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  5. Kunze Seeholzer
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  7. St. Benedikt Chapel / Kunze Seeholzer

St. Benedikt Chapel / Kunze Seeholzer

  • 01:00 - 24 December, 2009
St. Benedikt Chapel / Kunze Seeholzer
St. Benedikt Chapel / Kunze Seeholzer

St. Benedikt Chapel / Kunze Seeholzer St. Benedikt Chapel / Kunze Seeholzer St. Benedikt Chapel / Kunze Seeholzer St. Benedikt Chapel / Kunze Seeholzer +11

  • Architects

  • Location

    Kolbermoor, Germany
  • Architects

    Kunze Seeholzer Architektur&Stadtplanung
  • Structural Engineer

    Stefan Baur
  • Client

    Private, Franz Stettner, Kolbermoor
  • Area

    0.0 sqm
  • Project Year


From the architect. Standing isolated in a clearing in the middle of the park of the old Kolbermoor spinning mill is the Chapel of St. Benedict.

Visitors enter the sacred space by passing through a tall entrance portal that contains the chapel`s small bell: the classic image of the church with its bell tower is not abandoned, but rather reinterpreted with a modern spirit.

The materials that give form to the project are concrete and wood. The rainwater that flows visibly inside a wooden gutters fitted onto the external walls reminds us of the passing of the seasons of life.

The great wooden door, which in its simplicity represents the façade of the chapel, marks the passage between outside and inside. Light shapes the sacred space: no window interrupts the continuity of the walls that envelop the visitors; light pours down from above uninterrupted. The gaze is focused first on the cross, before moving slowly towards the sky. Thanks to the light that filters along the whole internal perimeter, the surfaces are dissolved and the ceiling is as though suspended.

The passage between interior and exterior, between sky and earth, is fluid. The light that filters inside, ever different depending on the time of day and the season, is the only true ornament. The materials are used in their purest form in order to bring out their original characteristics.

The chapel is essentially forged by the interplay of light and shade, by the passage between the broad external clearing and the reduced dimensions of the sacred space, by the contrast between the austere concrete volume and the luxuriant nature surrounding it.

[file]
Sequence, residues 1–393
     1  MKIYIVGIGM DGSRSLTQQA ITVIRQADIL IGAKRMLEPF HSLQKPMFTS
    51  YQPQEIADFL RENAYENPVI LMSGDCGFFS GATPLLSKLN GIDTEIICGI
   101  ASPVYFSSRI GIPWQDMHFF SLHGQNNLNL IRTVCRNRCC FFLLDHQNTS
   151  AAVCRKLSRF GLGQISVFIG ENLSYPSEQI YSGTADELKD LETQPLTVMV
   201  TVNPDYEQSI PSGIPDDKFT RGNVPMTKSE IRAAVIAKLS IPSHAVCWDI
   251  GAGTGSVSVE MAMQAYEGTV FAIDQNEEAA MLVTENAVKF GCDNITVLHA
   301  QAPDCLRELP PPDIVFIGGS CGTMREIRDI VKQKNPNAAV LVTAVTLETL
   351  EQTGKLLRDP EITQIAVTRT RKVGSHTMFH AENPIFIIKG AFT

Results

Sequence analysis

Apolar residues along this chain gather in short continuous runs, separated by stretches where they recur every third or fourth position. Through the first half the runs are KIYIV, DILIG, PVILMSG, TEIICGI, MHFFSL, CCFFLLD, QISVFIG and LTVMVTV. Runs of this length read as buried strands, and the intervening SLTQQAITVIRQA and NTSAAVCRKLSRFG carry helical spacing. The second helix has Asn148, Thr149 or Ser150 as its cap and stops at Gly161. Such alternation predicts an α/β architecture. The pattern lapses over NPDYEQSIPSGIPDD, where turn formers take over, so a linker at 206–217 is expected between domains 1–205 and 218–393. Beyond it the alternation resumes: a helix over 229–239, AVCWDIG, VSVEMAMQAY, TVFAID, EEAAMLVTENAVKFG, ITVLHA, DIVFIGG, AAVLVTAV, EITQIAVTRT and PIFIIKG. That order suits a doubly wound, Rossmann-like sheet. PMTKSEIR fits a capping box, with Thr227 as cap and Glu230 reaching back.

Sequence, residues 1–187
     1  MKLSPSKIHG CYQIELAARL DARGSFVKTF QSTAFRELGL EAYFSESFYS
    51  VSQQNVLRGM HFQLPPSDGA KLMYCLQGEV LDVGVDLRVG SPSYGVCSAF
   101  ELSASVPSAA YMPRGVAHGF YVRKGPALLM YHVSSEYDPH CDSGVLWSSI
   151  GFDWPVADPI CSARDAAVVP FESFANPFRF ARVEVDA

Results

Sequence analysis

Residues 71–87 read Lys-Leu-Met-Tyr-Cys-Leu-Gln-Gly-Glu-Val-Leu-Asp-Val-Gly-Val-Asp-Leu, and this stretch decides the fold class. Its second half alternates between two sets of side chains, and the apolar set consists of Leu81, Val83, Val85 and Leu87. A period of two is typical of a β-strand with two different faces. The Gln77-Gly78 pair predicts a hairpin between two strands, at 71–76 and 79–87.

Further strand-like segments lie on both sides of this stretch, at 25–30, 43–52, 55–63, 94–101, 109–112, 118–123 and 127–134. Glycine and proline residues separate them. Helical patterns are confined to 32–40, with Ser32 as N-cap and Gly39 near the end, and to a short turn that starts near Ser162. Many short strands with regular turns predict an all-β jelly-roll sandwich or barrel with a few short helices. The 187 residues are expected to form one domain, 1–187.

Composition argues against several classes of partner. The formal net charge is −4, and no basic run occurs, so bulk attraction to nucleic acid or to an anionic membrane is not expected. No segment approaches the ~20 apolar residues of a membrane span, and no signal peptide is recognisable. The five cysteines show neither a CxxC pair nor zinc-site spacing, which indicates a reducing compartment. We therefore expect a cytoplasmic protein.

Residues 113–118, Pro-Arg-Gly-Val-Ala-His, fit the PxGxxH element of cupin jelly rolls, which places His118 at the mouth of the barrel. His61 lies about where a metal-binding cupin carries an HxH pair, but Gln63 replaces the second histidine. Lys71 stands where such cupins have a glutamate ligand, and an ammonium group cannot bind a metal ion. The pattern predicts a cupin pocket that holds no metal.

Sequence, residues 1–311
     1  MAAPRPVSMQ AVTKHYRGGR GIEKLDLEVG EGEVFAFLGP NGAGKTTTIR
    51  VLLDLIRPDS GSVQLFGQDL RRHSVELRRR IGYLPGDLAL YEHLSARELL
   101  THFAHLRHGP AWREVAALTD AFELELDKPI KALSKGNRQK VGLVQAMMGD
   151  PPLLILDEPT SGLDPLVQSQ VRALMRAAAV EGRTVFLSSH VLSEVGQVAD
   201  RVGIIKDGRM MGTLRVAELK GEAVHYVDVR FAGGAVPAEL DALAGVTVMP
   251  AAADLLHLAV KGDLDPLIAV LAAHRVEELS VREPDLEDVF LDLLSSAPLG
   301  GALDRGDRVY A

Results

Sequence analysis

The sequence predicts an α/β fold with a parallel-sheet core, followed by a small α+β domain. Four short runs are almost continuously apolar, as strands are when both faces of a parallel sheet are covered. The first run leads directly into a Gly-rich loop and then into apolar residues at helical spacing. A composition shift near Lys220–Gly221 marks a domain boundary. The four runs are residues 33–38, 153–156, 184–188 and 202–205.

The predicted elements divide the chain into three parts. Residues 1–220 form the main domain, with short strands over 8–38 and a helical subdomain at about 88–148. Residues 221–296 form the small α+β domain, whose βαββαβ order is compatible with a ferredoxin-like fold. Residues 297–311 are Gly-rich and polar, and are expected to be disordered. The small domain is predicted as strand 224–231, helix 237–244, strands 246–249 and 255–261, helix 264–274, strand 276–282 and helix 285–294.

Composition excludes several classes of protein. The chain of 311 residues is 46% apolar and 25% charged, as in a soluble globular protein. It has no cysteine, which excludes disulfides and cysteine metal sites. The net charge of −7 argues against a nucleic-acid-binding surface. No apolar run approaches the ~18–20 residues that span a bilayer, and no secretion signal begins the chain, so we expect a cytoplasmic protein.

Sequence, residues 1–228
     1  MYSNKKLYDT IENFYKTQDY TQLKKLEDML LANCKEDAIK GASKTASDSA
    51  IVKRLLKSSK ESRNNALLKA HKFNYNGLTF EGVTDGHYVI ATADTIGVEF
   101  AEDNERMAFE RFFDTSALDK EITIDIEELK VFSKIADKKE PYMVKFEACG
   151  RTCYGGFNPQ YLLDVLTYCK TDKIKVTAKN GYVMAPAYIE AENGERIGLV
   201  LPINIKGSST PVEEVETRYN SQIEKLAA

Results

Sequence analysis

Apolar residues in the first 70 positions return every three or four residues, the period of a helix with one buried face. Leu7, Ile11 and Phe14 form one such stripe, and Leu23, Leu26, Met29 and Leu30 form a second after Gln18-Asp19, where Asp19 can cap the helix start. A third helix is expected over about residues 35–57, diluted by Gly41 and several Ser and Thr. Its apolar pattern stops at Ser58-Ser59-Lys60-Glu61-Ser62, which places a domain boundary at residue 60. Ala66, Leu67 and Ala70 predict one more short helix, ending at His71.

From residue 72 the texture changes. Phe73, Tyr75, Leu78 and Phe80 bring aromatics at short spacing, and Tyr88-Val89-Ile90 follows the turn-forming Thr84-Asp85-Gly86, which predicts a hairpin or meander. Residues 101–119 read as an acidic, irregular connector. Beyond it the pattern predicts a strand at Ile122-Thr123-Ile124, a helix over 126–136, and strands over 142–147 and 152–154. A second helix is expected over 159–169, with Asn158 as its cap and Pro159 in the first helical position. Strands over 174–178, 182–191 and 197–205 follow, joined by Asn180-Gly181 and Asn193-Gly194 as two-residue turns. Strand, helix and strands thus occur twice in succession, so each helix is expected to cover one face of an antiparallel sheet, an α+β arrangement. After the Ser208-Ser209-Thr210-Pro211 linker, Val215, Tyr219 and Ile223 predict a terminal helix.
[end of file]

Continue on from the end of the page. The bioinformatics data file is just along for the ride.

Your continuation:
Location to be used only as a reference. It could indicate city/country but not exact address. Cite: "St. Benedikt Chapel / Kunze Seeholzer" 24 Dec 2009. ArchDaily. Accessed . <>
Read comments


enrico · December 26, 2010

A very nice chapel, very good job. One of the smallest churches I have seen, one of the most balanced and intimate.

At3lier arquitetura · September 26, 2010

RT @rosane_martinez: Capela minimalista...

arq. Rosane Martinez · September 22, 2010

Capela minimalista...

satish · January 10, 2010

and yeah solitude is not always peace..

satish · December 29, 2010 01:01 PM

i think, i take back my words.. it's a great job done.. a gud design.. if the context is right.. it's well done then..

satish · January 04, 2010

it's sheer play of scale... 'i make the biggest one, got attention!i make the smallest one!! i got attention'... exposed concrete and neat wood work will make anything "NICE"... one has to consider the context of space... or else it's easy to make an isolated chapel in some inhabitable place and call it, "what an art"...

nidoll · December 29, 2009

neat beauty

Gintas Reisgys · December 28, 2009

damn... this is a very nice little chapel

alexandru mircea · December 25, 2009

It's wonderful architecture, but worthless for me as a Christian Orthodox. I couldn't prey in it without stronger signs of its religious functions (especially images or objects of cult). My feeling is that if I'd be there with other people I'd feel like in the waiting room of a public institution.

wpj · January 04, 2010 03:52 PM

I'm also Orthodox, but I think it is irrelevant, given that it is a protestant chapel (ie anything goes!). I see it more as a contemplative/prayer space than a gathering space with ritual functions. I'd be interested to know your thoughts on contemporary Orthodox church architecture, Alexandru. WPJ

bilo · December 26, 2009 03:54 AM

Whatever wich religion reference obe is, i feel this space invites for spirituality.

BAJ · December 25, 2009 10:05 PM

That is really sad... that anyone would need iconic images of someone else's interpretations to commune with their Creator.

Beth Loraine Bowman · December 25, 2009

RT @researchstudio: architecture: St. Benedikt Chapel in Kolbermoor / Kunze Seeholzer Arrchitektur&Stadtplanung

DESIGN*aRt::archive · December 25, 2009

architecture: St. Benedikt Chapel in Kolbermoor / Kunze Seeholzer Arrchitektur&Stadtplanung (11pics) (archdaily)

leporello · December 25, 2009

Photoset: ????????????????????????????????

Nick · December 24, 2009

can you say Tadao Ando?

Don Parker · December 24, 2009

Check out this beautiful chapel:

Actualizacion FEEDS · December 24, 2009

ArchDaily: St. Benedikt Chapel / Kunze Seeholzer

ArchitecturePassion · December 24, 2009

St. Benedikt Chapel / Kunze Seeholzer: © Kunze SeeholzerArchitects: Kunze Seeholzer Architektur&Stadtplanun..

Home Decor News · December 24, 2009

St. Benedikt Chapel / Kunze Seeholzer

Alex · December 24, 2009

St. Benedikt Chapel / Kunze Seeholzer via @archdaily superba lucrare de arhitectura


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